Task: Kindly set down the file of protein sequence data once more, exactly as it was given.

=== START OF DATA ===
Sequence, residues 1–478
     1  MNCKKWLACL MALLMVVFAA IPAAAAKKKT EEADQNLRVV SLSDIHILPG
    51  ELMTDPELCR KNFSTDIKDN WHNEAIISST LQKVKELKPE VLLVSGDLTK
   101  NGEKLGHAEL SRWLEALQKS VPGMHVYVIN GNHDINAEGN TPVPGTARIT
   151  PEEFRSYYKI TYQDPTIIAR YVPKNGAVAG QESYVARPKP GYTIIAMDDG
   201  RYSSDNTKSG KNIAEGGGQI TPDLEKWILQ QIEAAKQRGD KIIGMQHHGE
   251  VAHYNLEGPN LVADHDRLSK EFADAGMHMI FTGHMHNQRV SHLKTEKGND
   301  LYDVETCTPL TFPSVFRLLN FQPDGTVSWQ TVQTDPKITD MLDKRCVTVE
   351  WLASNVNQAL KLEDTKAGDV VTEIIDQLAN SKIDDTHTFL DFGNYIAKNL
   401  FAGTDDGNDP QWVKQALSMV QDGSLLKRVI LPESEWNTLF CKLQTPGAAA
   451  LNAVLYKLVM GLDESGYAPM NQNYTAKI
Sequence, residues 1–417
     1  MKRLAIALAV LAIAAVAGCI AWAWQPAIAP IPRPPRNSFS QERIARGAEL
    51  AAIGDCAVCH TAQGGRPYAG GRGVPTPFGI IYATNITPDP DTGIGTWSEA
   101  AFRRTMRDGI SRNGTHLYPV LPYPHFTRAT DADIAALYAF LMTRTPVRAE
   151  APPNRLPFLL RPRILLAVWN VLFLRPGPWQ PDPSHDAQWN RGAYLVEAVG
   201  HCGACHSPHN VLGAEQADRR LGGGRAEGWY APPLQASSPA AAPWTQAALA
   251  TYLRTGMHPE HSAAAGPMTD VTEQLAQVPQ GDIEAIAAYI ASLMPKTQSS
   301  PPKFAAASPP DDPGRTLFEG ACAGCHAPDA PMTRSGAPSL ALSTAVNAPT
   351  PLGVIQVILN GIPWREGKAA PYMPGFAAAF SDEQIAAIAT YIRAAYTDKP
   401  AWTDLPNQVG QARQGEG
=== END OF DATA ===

Sequence, residues 1–478
     1  MNCKKWLACL MALLMVVFAA IPAAAAKKKT EEADQNLRVV SLSDIHILPG
    51  ELMTDPELCR KNFSTDIKDN WHNEAIISST LQKVKELKPE VLLVSGDLTK
   101  NGEKLGHAEL SRWLEALQKS VPGMHVYVIN GNHDINAEGN TPVPGTARIT
   151  PEEFRSYYKI TYQDPTIIAR YVPKNGAVAG QESYVARPKP GYTIIAMDDG
   201  RYSSDNTKSG KNIAEGGGQI TPDLEKWILQ QIEAAKQRGD KIIGMQHHGE
   251  VAHYNLEGPN LVADHDRLSK EFADAGMHMI FTGHMHNQRV SHLKTEKGND
   301  LYDVETCTPL TFPSVFRLLN FQPDGTVSWQ TVQTDPKITD MLDKRCVTVE
   351  WLASNVNQAL KLEDTKAGDV VTEIIDQLAN SKIDDTHTFL DFGNYIAKNL
   401  FAGTDDGNDP QWVKQALSMV QDGSLLKRVI LPESEWNTLF CKLQTPGAAA
   451  LNAVLYKLVM GLDESGYAPM NQNYTAKI
Sequence, residues 1–417
     1  MKRLAIALAV LAIAAVAGCI AWAWQPAIAP IPRPPRNSFS QERIARGAEL
    51  AAIGDCAVCH TAQGGRPYAG GRGVPTPFGI IYATNITPDP DTGIGTWSEA
   101  AFRRTMRDGI SRNGTHLYPV LPYPHFTRAT DADIAALYAF LMTRTPVRAE
   151  APPNRLPFLL RPRILLAVWN VLFLRPGPWQ PDPSHDAQWN RGAYLVEAVG
   201  HCGACHSPHN VLGAEQADRR LGGGRAEGWY APPLQASSPA AAPWTQAALA
   251  TYLRTGMHPE HSAAAGPMTD VTEQLAQVPQ GDIEAIAAYI ASLMPKTQSS
   301  PPKFAAASPP DDPGRTLFEG ACAGCHAPDA PMTRSGAPSL ALSTAVNAPT
   351  PLGVIQVILN GIPWREGKAA PYMPGFAAAF SDEQIAAIAT YIRAAYTDKP
   401  AWTDLPNQVG QARQGEG